In an effort to remain visible to our many readers in China, we are careful about what we write here on the blog. There are words we avoid using and topics we avoid discussing on here because we want our reach to include China and if China does not like something, its government has this “magical” ability to make it go away. And there is a lot China does not like these days.
Facebook and Linkedin and Twitter give us a lot more ability to speak truth to power and because of that we have greatly ramped up what we do on social media. We have a thriving China Law Blog Group on Linkedin that we maintain as a spam-free forum for China information, networking, and discussion. This group is always growing and now totals nearly 12,500 members. I urge you to join it.
We have had some great discussions there, as evidenced both by their numbers (some have gotten more than 100 comments) and by their substance. Our discussions range from people asking and trying to answer questions like, “why is it so difficult to do business in China” or ”what do I need to do to get my Chinese counter-party not to breach my contract” to the ethereal, like “when will we know China is taking innovation seriously?” Mostly though the focus is — not surprisingly — on doing business with China or in China.
The members of our Linkedin group are fairly evenly split between those who live and work and do business in China and those who do business with China from the United States, Australia, Canada, Europe, Africa, the Middle East and other countries in Asia. Some of our members are international lawyers and some are China lawyers, but most are businesspeople and some are academics (students or professors). We have senior level personnel (attorneys and executives) from large, medium, and small companies and tons of mid-level and junior personnel as well. This diversity enlightens the discussions, though, honestly, I sometimes wish the discussions were more rigorous than they are, but I attribute the lack of discussion rigor more to the location (a group on Linkedin) than to anything else.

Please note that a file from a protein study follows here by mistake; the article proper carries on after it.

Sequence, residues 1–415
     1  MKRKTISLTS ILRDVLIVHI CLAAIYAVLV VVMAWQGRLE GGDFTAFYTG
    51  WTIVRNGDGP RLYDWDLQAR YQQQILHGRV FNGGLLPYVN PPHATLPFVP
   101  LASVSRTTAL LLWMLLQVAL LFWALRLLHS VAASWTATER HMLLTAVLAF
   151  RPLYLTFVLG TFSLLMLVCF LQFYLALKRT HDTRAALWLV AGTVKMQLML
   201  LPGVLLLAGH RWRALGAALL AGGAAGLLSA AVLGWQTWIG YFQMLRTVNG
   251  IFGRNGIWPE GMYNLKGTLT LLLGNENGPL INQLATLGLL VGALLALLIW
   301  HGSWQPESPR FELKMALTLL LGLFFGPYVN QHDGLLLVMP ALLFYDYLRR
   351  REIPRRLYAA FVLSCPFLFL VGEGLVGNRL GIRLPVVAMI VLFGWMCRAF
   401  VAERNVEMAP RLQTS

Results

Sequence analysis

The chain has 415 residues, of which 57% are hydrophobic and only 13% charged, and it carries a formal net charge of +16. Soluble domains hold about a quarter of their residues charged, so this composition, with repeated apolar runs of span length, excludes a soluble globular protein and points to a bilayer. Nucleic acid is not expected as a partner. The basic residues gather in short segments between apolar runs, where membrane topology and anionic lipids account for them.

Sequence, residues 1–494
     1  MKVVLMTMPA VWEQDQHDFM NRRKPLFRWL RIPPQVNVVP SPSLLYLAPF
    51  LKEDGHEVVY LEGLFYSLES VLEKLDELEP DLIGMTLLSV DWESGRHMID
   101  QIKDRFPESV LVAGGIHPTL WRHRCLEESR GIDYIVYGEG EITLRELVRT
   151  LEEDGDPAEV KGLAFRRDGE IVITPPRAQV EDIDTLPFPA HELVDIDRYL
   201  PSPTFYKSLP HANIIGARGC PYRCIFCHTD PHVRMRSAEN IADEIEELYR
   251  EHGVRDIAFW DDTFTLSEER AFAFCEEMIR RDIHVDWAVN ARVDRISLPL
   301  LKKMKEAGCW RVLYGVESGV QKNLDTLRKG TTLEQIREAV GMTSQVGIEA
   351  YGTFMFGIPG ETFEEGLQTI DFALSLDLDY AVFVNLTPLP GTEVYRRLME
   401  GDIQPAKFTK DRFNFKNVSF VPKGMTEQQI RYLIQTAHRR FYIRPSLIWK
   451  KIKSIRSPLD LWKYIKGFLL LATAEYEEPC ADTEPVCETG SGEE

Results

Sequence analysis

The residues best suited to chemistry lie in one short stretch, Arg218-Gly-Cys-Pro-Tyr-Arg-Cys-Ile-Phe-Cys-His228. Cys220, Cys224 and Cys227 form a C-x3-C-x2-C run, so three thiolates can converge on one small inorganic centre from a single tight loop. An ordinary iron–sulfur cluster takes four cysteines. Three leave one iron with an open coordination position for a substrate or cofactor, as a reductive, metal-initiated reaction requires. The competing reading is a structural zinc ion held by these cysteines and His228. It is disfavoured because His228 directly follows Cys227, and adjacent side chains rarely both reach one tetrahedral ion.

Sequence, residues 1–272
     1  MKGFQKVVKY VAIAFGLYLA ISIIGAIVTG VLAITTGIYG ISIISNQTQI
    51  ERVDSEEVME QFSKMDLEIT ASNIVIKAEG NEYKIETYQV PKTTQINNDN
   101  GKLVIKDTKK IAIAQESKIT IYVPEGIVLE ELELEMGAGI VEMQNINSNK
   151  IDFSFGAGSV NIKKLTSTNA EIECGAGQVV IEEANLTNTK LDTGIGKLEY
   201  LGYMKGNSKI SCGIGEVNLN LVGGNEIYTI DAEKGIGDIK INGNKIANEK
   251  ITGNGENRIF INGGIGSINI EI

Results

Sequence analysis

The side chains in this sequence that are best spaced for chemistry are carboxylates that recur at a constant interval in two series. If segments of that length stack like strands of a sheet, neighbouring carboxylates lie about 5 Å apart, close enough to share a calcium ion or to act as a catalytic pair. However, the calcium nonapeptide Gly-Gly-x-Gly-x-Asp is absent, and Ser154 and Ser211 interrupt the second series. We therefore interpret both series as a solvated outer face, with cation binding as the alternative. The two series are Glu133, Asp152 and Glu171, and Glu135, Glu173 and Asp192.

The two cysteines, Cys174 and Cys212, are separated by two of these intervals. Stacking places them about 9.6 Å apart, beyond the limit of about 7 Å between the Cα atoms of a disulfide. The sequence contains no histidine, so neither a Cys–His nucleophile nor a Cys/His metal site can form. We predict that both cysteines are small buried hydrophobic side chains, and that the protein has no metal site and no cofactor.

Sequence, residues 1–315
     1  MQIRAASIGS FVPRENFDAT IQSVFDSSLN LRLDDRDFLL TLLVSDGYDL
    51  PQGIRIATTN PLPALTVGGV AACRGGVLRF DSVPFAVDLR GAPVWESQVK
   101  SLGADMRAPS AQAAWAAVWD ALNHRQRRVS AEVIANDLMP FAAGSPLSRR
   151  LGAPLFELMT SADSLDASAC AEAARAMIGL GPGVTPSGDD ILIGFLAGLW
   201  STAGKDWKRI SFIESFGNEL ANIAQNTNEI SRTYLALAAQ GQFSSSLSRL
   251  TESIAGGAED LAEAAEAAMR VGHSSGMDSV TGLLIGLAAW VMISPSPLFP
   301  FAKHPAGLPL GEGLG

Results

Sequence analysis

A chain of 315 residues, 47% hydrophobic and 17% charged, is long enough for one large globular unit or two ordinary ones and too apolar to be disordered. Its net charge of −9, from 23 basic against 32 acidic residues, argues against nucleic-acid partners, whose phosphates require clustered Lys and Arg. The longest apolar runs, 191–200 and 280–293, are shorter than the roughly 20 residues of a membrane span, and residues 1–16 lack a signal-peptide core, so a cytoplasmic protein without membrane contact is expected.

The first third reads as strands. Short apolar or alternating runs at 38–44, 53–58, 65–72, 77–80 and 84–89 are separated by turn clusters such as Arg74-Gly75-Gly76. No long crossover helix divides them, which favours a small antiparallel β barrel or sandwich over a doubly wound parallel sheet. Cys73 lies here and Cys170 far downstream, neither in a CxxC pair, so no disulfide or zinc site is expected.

What truly separates us from most (all?) of the other Linkedin China groups is that we remove anything that smacks of spam or is not relevant for those doing business with or in China. We have become so proficient at shutting down spam that hardly anyone even tries to sneak spam past us anymore. Our hewing to such a tight line on what we permit means we do not get a large volume of postings, but this also means we do not waste people’s time. If you want to learn more about doing business in China or with China, if you want to discuss China law or business, or if you want to network with others doing China law or business, I urge you to and join our China Law Blog Group on Linkedin. The more people in our group, the better the discussions. So please do join us there.
My personal Linkedin page has nearly 10,000 followers and that has led me to post more often there on all things China. I welcome new followers and new connections, though I warn you that I tend to be incredibly slow in responding to connection requests. I promise not to overwhelm you with posts: I post roughly 3-5 times a week.
Our China Law Blog Facebook page, is thriving as well and heading towards 25,000 followers (this is its number of “likes”). We use Facebook to post interesting, important and entertaining articles about China. Posts there get a lot of comments and discussion, often heated. We are considerably more open and opinionated and free-wheeling there. With so much going on with China and Hong Kong these days, our Facebook page has become a key source. I urge you to go there and “like” us so you can benefit from what we are doing there. Plus, I really really want us to get to 25,000 likes!
I am also now posting a lot on Twitter at @danharris. I left Twitter for many years but I am back and I am enjoying the sheer immediacy of it. I most definitely do not hold back there but I also post on non-China things from time to time. Of course, I welcome more followers there as well. I also urge you to check out and follow Fred Rocafort from my firm on Twitter as well, (@RocafortFred). Until recently, Fred was living in Hong Kong/the PRC and his tweets do a great job of bridging the various gaps between HK, the PRC and the West. We also have a China Law Blog feed, @chinalawblog and it would be great if you were to follow that as well.
See ya’ll there.